The Radio Department shows the love with first album in 6 years

Category:  The Arts
Wednesday, October 19th, 2016 at 5:12 PM
The Radio Department shows the love with first album in 6 years by Britton Rozzelle

It’s been six whole years since the monumental “Clinging Onto A Scheme,” the full length from The Radio Dept, an album that’s so good it constantly makes me question the point of other albums existing.

Needless to say, I love this somewhat obscure Swedish band. I took a whole weekend to see what their newest release, “Running Out of Love,” out Oct. 21, had to offer.

“Running Out of Love” opens with a rhythmic first track, “Sloboda Narodu,” that serves as a solid reintroduction to the band. It’s reserved, it’s technically impressive and it feels welcoming — it’s an excellent fall song, if nothing else.

“Swedish Guns” sets off like a Disclosure track, featuring an echoing bassline and electronic hook throughout the introduction that recedes gracefully behind Johan Duncanson’s hushed vocals — a staple for the group. Unfortunately, the song shifts in pace around halfway through, becoming even more droning. It bored me at first listen, but it’s (at this point) grown on me.

The energy lost on “Swedish Guns” returns almost immediately with the following track, “We Got Game,” something that attaches itself to European EDM, much more so than anything from the band previously, while maintaining a uniqueness to it similar to recent works from New Order.

“Thieves of State” serves as a solid, Boards of Canadasounding transition into “Occupied,” an almost 8-minute-long track with poetic lyrics and a distinctly mid-’80s cyberpunk feeling. It’s not really anything new, and unfortunately not particularly interesting, even as it begins to ramp up.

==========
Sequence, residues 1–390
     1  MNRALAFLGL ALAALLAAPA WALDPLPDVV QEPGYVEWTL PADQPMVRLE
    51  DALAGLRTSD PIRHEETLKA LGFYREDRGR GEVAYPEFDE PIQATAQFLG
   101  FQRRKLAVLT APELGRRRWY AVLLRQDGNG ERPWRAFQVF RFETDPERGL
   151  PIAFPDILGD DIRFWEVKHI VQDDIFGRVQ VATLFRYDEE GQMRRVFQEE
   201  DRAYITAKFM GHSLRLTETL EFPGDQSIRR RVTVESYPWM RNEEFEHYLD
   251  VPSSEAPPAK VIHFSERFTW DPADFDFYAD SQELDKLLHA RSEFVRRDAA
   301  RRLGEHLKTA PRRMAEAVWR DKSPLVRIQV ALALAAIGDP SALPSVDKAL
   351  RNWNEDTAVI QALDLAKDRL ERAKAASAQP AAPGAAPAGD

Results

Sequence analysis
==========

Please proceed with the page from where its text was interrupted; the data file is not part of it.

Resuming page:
Thankfully, “This Thing Was Bound To Happen” is a much more true-to-form song for the band, sounding like something from their last album. “Can’t Be Guilty” follows the trend of darkfeeling synths, but is more like a ballad than anything else and serves as the emotional core of the whole record.

“Committed To The Cause” will be a favorite, feeling almost as light and free as the best from their old albums, while mixing in some of their new, more electronic, sound. The song transforms throughout its runtime from a slower song of devotion to a jaunty loveaffair, led by a piano-based hook, and jazz drums.

The title track, “Running Out of Love,” is almost as moody and temperamental as the rest of the album, while being entirely instrumental. It has more heart and emotion in it than anything else present here, and is honestly refreshing. It’s interesting that it isn’t just the last song on the album, though, as it leads into “Teach Me To Forget,” an EDM inspired track that, while fun, feels slightly out of place here and never really picks up. At all.

Ultimately “Running Out of Love” is a solid album, but it’s not what I wanted from the band. The loss of several instrumentalists in the group and over-reliance on New Order-style synth obscure what could have been a shining example of modern dream-pop.

A lot of its songs just don’t go anywhere and as a fan it’s slightly frustrating. Nevertheless, some standout tracks include “This Was Bound to Happen” and “Committed to the Cause.”

Britton Rozzelle is the Executive Editor for The Spectator and he can be reached at

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